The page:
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Barbershop harmony is a style of unaccompanied vocal music characterized by consonant four-part chords for every melody note in a predominantly homophonic texture. The melody is consistently sung by the lead, with the tenor harmonizing above the melody, the bass singing the lowest harmonizing notes, and the baritone completing the chord. The melody is not sung by the tenor except for an infrequent note or two to avoid awkward voice leading, in tags or codas, or when some appropriate embellishing effect can be created. Occasional brief passages may be sung by fewer than four voice parts.
Barbershop music features songs with understandable lyrics and easily singable melodies, whose tones clearly define a tonal center and imply major and minor chords and barbershop (dominant and secondary dominant) seventh chords that resolve primarily around the circle of fifths, while making frequent use of other resolutions. What sets barbershop apart from other musical styles is the predominant use of the dominant-type seventh chords. Barbershop music also features a balanced and symmetrical form, and a standard meter. The basic song and its harmonization are embellished by the arranger to provide appropriate support of the song's theme and to close the song effectively.
Barbershop singers adjust pitches to achieve perfectly tuned chords in just intonation while remaining true to the established tonal center. Artistic singing in the barbershop style exhibits a fullness or expansion of sound, precise intonation, a high degree of vocal skill, and a high level of unity and consistency within the ensemble. Ideally, these elements are natural, unmanufactured, and free from apparent effort.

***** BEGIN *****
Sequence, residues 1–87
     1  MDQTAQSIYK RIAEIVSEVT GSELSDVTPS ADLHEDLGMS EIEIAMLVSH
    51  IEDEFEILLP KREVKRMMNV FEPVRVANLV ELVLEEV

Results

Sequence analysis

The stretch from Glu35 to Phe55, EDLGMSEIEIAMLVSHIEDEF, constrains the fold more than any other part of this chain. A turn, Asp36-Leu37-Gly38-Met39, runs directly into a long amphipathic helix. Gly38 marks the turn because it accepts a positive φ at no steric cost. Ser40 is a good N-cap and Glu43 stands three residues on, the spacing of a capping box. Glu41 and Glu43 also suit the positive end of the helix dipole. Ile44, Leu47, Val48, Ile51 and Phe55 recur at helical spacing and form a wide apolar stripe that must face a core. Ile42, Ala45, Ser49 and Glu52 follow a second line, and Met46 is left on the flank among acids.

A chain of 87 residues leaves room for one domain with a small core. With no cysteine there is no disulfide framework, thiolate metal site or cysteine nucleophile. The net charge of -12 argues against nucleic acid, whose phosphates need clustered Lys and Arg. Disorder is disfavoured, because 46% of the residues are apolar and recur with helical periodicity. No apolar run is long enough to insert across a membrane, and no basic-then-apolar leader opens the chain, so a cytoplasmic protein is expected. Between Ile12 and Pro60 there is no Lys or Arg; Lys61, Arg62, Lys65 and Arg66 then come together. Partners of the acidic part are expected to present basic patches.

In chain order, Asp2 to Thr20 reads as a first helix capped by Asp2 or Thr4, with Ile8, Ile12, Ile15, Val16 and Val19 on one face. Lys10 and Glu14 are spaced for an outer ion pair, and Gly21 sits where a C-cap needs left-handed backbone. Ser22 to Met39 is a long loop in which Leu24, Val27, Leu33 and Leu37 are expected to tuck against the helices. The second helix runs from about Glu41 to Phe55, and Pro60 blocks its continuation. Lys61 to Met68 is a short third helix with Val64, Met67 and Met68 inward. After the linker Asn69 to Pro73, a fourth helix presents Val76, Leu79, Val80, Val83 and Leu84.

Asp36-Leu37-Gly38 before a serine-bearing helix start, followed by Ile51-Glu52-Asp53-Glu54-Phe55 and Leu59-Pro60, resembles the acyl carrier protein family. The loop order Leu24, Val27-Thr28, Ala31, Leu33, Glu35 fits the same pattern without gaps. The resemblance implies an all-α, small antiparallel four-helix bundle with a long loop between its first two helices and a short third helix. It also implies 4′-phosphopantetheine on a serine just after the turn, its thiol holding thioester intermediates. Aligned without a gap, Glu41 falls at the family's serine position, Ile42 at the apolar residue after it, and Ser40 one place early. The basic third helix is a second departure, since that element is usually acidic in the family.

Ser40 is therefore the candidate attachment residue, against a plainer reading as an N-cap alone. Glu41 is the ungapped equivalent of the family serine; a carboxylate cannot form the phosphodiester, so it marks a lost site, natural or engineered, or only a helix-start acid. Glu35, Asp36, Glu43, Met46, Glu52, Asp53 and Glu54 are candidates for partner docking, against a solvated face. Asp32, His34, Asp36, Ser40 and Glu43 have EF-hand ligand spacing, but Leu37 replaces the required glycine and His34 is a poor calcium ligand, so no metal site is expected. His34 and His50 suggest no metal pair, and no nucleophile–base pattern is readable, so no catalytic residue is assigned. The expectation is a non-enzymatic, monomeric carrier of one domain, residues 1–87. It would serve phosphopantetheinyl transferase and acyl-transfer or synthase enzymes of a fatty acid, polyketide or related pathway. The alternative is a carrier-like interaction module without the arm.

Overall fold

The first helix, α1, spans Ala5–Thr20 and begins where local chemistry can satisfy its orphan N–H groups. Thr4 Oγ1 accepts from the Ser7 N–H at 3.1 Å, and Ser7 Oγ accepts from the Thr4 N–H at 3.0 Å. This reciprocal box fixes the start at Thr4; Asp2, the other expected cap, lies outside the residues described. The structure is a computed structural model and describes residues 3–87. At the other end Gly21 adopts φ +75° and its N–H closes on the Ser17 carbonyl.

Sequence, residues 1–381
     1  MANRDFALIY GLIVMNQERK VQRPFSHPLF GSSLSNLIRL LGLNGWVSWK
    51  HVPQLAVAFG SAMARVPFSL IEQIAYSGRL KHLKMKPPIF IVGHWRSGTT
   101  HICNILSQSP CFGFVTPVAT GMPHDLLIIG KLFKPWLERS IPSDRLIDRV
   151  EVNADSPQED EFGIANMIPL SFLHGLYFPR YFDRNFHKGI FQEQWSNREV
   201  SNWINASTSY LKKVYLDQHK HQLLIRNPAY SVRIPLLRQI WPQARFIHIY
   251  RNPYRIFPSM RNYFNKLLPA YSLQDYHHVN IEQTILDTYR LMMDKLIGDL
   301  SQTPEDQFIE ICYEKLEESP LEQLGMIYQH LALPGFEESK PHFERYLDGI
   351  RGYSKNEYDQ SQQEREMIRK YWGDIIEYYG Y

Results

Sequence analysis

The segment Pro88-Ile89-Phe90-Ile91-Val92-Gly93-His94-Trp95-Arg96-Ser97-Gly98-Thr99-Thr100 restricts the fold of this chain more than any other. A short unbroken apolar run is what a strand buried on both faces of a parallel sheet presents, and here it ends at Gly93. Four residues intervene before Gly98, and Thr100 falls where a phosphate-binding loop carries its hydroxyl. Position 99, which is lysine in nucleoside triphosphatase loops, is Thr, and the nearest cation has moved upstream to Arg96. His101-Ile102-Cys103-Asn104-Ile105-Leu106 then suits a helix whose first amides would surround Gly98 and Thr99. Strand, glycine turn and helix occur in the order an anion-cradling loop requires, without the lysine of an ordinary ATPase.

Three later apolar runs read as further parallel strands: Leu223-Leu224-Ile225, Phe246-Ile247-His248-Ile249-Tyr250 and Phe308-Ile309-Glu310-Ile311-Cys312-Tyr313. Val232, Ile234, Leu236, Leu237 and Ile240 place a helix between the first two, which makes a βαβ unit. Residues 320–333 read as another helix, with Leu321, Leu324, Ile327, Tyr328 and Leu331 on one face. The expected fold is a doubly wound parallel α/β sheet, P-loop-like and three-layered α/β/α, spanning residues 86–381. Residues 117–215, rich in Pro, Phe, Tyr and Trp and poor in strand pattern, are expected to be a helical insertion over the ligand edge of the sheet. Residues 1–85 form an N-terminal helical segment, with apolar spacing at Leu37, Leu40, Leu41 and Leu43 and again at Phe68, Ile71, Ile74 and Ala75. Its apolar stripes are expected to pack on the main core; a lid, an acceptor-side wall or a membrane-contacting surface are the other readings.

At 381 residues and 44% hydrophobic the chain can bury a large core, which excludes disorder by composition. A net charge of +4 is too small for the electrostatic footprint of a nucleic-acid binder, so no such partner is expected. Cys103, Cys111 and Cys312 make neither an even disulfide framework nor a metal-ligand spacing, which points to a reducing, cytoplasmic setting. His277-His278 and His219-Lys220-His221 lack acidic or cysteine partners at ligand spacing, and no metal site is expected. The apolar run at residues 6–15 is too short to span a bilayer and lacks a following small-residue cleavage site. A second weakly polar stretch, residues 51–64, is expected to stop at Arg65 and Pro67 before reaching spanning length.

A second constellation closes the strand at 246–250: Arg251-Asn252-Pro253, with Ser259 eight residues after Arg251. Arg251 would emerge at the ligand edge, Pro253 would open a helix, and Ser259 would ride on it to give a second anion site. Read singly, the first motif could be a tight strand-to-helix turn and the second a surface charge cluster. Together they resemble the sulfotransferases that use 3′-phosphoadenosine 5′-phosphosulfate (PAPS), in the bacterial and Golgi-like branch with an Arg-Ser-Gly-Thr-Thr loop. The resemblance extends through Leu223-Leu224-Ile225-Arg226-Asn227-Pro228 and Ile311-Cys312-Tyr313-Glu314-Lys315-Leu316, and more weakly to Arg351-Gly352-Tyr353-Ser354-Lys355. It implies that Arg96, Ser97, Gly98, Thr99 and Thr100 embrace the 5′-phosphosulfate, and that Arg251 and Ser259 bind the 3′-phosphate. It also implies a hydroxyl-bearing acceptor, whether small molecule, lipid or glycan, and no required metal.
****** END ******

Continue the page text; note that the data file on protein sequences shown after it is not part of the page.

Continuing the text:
The presentation of barbershop music uses appropriate musical and visual methods to convey the theme of the song and provide the audience with an emotionally satisfying and entertaining experience. The musical and visual delivery is from the heart, believable, and sensitive to the song and its arrangement throughout. The most stylistic presentation artistically melds together the musical and visual aspects to create and sustain the illusions suggested by the music.
As a result of scholarship by Lynn Abbott and Jim Henry it is now generally accepted that barbershop singing originated in African-American communities in the U.S. around the turn of the century, where barbershops were social gathering-places.
The first uses of the term were associated with African-Americans. Henry notes that "The Mills Brothers learned to harmonize in their father's barber shop in Piqua, Ohio, and several well known black gospel quartets were founded in neighborhood barber shops, among them the New Orleans Humming Four, the Southern Stars and the Golden Gate Jubilee Quartette."
Singing a cappella music in the barbershop style is a hobby enjoyed by men and women worldwide. The hobby is practiced mostly within one of the three main barbershop associations, which have a combined membership in the neighborhood of eighty thousand.
The primary men's organization is the Society for the Preservation and Encouragement of Barbershop Quartet Singing in America (S.P.E.B.S.Q.S.A.), now becoming known as the Barbershop Harmony Society, while women have two organizations, Sweet Adelines International and Harmony Incorporated .